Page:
Sunday, October 30, 2022

Poem: 'Roman Holiday'

Pietà, St Peter's Basilica

Michelangelo's Pietà, St Peter's Basilica (Creative Commons)

This month, I was able to attend two poetry festivals close to home, the Paterson Poetry Festival and the Dodge Poetry Festival in Newark.

I listened to some incredible poets, including (two favorites) Rashad Wright in Paterson and Sandra Cisneros in Newark. Thank you to Talena Lachelle Queen and to the Dodge Foundation for coordinating such wonderful, life-affirming events!

In Paterson, two poets were especially kind and signed books for me: Elijah B. Pringle III and Catherine Doty.

I attended Cat's prompted workshop, where she asked us to think of details of a place we remembered vividly and also of a special hiding place. I combined the two prompts into the poem below. 

Roman Holiday 

When I was a teen,

my uncle led me up stone steps of a forbidden tower

to a parapet, with a panoramic view of St. Peter’s Square.

We were trespassing, and I was afraid of heights.


I told him I preferred to see the world with my feet on the ground:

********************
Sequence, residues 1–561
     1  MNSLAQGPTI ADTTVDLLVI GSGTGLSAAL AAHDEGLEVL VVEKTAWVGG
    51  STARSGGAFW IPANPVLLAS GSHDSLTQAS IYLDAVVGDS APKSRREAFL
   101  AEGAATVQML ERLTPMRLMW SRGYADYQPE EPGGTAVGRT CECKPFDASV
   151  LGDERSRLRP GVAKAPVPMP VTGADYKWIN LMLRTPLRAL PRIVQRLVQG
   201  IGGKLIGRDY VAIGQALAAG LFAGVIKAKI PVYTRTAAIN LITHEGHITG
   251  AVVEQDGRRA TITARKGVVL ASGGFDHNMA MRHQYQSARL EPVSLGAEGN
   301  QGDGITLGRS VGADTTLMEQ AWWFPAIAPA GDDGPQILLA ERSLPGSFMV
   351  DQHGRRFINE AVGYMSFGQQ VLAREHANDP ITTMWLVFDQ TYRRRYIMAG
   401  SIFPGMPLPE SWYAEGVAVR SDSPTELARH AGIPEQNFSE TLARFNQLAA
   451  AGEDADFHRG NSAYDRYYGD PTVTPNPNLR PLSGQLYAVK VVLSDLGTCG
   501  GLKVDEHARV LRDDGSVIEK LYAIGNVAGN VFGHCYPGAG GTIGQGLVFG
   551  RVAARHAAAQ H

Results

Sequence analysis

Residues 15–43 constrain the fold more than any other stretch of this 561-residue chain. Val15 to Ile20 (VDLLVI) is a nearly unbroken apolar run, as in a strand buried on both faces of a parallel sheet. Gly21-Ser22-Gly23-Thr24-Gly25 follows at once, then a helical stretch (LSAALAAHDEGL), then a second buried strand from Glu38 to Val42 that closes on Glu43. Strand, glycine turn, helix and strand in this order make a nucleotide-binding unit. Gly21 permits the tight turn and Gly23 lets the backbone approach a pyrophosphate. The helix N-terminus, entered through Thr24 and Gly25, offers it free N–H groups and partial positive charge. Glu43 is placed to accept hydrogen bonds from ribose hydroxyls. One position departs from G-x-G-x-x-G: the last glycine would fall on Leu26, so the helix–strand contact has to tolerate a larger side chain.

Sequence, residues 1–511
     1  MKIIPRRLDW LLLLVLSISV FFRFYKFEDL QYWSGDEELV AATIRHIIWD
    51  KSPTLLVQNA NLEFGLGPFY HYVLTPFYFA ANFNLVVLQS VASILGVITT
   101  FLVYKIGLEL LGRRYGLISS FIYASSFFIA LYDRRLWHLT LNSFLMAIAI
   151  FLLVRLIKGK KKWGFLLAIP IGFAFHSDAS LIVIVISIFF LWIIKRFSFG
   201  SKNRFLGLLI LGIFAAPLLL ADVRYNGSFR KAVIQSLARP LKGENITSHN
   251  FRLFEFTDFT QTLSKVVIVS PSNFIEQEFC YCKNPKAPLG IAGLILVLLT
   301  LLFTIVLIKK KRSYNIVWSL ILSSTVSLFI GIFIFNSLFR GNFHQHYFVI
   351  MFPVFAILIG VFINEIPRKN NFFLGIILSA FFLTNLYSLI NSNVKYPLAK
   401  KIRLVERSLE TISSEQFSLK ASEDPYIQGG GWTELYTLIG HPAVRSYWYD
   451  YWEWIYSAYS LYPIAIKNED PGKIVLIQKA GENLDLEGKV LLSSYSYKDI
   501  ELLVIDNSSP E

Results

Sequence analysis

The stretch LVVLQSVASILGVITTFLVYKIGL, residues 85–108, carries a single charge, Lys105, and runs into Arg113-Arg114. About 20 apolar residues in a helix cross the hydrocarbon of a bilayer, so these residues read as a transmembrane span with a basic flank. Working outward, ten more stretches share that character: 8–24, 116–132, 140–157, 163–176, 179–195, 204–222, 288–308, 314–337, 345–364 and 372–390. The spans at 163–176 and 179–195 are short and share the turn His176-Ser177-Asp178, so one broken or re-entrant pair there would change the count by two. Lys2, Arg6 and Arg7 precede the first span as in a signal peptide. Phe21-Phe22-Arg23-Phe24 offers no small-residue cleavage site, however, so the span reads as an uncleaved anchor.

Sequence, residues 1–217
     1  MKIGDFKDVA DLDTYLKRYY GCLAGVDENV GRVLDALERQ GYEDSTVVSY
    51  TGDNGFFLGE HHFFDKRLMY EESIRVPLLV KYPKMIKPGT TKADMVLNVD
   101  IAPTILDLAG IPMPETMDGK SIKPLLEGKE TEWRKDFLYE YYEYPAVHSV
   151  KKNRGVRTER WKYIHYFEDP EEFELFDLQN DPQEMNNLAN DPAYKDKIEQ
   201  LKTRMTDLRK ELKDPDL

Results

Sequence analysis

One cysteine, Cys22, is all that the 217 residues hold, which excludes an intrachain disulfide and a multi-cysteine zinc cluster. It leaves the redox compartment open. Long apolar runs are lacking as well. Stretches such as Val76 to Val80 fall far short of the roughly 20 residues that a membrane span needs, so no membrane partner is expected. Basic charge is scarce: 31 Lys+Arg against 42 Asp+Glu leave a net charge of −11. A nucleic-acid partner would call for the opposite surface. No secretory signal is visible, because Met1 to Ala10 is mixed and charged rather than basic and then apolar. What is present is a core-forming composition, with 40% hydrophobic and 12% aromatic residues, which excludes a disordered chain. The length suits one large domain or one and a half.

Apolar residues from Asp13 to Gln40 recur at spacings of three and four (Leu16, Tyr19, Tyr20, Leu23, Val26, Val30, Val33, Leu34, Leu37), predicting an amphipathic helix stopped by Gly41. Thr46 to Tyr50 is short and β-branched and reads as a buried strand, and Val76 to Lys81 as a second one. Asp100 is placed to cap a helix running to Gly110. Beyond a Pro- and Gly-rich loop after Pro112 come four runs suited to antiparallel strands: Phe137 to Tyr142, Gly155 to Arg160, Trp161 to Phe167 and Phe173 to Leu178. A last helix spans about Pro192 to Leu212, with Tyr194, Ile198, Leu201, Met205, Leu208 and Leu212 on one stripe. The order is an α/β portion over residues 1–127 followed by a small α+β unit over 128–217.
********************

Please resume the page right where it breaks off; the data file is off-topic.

Looking up at the Sistine Chapel ceiling,

Seeing my grandmother feed pigeons in the piazza,

Seeing the cool smooth marble of the Pieta inches from my eyes.


When I was a boy, I had seen Mary’s young face from afar,

behind bullet-proof, ceiling-to-floor plexiglass

on a dimly-lit moving sidewalk,

jostled by tourists at the World’s Fair.


As a teen, free from my Roman chaperones,

I was Jesus Christ, risen from the dead.

I was the only person in the world viewing, in a stolen moment,

what Michelangelo had carved from a single stone.


In such dizzying proximity to perfection,

I understood the desire to destroy it.


And yet I have lived my life as an innocent man,

never seeking to avenge my younger self.

I am Zacchaeus, and this page is where I hide.

This piece of paper.

This poem.